The Wall Street Journal is reporting talks are under way to allow private student loans to be discharged in a bankruptcy. Currently all student loans are very difficult to discharge in bankruptcy and only a very few actually qualify for a discharge. When a person files for bankruptcy, they should be given a clean slate and a fresh start. With the rising costs of college tuition, it is common for people to have over $100,000.00 in student loan debt. Some of my client’s have even had more than $300,000.00. But as the law currently stands, bankruptcy would not relieve the debtor of any of that obligation. Bankruptcy is supposed to give you a fresh start, but how can anyone start over when there is no way to get rid of tens of thousands if not hundreds of thousands dollars worth of debt? Although some people file for bankruptcy, it is rare for people to file to simply get away from their debt merely because they can. The overwhelming majority of people file for bankruptcy because they are in extreme financial hardship. The law should not punish everyone merely because a select few abuse it. Allowing for private loans to be discharged in bankruptcy would provide debtors with relief in bankruptcy they desperately need. The Wall Street Journal reports:
The growth of student debt is stirring debate about whether the government should step in to ease the burden by rewriting the bankruptcy laws—again.
In 2005, Congress prohibited student debt from being discharged through bankruptcy, except in rare cases, because of concerns that many young graduates—who often have no major assets such as a house or a car—would be tempted to walk away from loan obligations.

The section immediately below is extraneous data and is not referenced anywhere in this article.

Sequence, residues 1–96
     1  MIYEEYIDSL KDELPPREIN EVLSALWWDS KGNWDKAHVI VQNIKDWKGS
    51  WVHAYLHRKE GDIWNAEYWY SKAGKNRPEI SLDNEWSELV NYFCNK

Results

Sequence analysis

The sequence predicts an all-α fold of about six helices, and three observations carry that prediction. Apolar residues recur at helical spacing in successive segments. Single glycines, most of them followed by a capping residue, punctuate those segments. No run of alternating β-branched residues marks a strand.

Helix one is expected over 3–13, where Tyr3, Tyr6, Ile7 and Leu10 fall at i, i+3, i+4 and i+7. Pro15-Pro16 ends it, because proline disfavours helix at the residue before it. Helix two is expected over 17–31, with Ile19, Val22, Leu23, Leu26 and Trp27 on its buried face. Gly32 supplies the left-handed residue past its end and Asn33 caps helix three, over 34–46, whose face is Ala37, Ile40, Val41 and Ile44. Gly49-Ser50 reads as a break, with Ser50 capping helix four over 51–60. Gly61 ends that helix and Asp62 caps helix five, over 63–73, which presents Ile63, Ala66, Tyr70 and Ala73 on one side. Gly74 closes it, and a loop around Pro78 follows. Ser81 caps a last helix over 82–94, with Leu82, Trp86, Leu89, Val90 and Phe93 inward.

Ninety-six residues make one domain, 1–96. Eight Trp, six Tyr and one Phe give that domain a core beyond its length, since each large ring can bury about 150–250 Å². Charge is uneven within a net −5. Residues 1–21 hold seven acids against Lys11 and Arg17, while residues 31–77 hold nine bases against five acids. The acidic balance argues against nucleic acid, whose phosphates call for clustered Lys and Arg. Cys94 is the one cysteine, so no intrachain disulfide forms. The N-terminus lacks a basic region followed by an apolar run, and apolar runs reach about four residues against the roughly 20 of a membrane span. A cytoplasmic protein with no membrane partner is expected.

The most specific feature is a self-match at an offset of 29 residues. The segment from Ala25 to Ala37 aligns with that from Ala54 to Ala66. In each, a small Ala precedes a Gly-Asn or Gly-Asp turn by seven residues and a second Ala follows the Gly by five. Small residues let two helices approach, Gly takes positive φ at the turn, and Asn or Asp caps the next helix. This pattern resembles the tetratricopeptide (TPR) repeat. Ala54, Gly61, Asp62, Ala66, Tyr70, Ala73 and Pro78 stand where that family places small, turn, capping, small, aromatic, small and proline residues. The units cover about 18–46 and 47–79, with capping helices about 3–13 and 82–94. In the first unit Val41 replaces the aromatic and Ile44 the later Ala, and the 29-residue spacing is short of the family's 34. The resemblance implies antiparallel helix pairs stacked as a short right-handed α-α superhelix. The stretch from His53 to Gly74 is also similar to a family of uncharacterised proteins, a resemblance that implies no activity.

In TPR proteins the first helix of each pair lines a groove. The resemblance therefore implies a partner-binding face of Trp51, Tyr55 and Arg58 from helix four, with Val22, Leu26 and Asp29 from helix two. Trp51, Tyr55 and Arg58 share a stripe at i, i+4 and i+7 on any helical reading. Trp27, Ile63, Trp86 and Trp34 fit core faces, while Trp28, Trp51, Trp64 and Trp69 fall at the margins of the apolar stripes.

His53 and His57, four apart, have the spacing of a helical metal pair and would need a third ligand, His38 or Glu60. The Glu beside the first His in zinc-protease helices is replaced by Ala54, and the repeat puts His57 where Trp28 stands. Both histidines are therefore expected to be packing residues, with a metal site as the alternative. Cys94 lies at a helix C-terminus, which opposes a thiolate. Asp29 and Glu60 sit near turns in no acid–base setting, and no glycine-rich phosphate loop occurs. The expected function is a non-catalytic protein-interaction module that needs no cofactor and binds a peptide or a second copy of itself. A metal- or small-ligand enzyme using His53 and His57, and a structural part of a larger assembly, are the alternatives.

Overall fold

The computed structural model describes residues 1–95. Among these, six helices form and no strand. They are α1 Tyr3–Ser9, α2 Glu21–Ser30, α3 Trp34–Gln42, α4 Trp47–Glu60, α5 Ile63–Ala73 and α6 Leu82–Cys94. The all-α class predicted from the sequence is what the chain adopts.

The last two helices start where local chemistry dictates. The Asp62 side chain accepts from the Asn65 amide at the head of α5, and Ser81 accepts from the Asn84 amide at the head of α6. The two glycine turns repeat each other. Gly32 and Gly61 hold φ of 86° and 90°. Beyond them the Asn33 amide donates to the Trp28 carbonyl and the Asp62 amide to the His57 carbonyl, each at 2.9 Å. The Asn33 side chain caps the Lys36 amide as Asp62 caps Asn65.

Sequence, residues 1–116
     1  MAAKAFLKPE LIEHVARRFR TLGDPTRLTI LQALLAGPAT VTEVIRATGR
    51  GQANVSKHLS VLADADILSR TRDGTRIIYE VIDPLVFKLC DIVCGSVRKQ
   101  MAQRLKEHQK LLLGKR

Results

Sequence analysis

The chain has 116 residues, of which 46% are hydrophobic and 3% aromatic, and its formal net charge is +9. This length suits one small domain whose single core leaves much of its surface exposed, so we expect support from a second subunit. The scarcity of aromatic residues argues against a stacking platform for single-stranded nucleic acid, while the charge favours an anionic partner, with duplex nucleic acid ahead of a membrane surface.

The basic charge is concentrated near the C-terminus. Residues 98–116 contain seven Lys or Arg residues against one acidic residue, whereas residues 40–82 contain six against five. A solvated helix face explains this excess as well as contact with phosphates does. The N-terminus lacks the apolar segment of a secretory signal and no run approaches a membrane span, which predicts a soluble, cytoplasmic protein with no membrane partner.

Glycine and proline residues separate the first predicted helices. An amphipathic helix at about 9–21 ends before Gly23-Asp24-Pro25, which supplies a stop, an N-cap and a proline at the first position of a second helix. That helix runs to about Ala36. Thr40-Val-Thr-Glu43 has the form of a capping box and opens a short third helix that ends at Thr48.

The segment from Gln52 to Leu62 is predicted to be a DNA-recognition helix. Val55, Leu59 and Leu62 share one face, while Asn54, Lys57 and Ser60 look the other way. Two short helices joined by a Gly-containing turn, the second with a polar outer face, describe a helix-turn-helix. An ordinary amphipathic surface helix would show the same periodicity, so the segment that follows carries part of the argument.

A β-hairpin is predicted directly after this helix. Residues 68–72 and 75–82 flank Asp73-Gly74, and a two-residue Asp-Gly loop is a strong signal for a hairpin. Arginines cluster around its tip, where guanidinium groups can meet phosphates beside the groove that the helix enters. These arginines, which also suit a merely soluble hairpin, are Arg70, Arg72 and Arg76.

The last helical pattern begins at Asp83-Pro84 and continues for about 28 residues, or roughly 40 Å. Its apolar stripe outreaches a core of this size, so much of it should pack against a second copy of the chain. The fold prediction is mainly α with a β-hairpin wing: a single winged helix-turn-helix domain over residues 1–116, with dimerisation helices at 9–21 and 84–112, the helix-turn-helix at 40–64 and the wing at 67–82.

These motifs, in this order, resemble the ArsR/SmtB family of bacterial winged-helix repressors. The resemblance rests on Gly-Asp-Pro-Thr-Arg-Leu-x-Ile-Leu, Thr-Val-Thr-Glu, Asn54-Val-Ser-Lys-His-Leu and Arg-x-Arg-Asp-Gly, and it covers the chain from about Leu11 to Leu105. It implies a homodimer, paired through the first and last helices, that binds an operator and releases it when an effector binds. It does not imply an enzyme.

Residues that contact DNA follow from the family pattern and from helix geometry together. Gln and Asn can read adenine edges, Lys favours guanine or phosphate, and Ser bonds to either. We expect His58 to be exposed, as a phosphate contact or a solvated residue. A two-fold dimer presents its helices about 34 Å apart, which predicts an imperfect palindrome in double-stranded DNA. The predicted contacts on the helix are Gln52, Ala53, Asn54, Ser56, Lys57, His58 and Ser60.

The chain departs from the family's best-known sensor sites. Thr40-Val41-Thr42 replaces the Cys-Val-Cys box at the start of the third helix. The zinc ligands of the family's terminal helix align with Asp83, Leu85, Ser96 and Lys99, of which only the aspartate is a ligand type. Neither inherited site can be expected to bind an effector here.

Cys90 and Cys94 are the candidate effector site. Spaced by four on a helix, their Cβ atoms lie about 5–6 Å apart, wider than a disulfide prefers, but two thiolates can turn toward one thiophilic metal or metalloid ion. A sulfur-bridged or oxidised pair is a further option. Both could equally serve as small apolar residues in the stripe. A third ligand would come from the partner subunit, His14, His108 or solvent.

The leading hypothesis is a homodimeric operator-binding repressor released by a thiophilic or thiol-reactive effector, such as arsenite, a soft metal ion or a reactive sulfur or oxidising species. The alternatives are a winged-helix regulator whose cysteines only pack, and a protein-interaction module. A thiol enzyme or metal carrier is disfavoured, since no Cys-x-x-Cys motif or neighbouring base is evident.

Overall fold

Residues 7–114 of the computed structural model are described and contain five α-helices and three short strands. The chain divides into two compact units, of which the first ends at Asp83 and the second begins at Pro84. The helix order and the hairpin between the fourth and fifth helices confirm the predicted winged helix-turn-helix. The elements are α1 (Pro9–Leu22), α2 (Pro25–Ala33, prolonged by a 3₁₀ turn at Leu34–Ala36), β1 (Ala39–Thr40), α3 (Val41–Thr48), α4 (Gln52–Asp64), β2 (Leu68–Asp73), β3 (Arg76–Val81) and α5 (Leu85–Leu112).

As the House of Representatives debates how to pay for preventing interest on college loans from doubling, FinAid.org publisher Mark Kantrowitz checks in on Mean Street to examine the showdown between the White House and Congress and the potential impact of higher interest rates on students.
SmartMoney’s AnnaMaria Andriotis looks at the battle over student loans and why banks have taken steps to make sure that a proposal in Congress to forgive some loans won’t work. Plus, can private student loans undercut federal rates?
Some lawmakers now want to temper that position, pointing to concerns that a significant number of Americans could be buried under education loans for decades. Their efforts, however, would apply only to private loans—a fraction of the market.
In the past decade student debt has surged as tuition and enrollment climbed. At the same time, college graduates’ earnings have declined. The average debt load of all new graduates rose 24%, adjusted for inflation, from 2000 through 2010, to $16,932, says the Progressive Policy Institute, a left-leaning think tank in Washington. Over the same period, the average earnings of full-time workers ages 25 to 34 with no more than a bachelor’s degree fell by 15% to $53,539.
Terri Reynolds-Rogers, a 57-year-old health-program manager from Palmer, Alaska, declared bankruptcy in 2007, but still has $152,000 in student debt. She said she dropped out of medical school in 1999 to care for her two children after her husband died of brain cancer.
The government needs to reconsider the bankruptcy laws regarding student loans. You can read the rest of the article here. If you have student loans and are considering bankruptcy, please contact a Burbank Bankruptcy Lawyer. Please post your comments.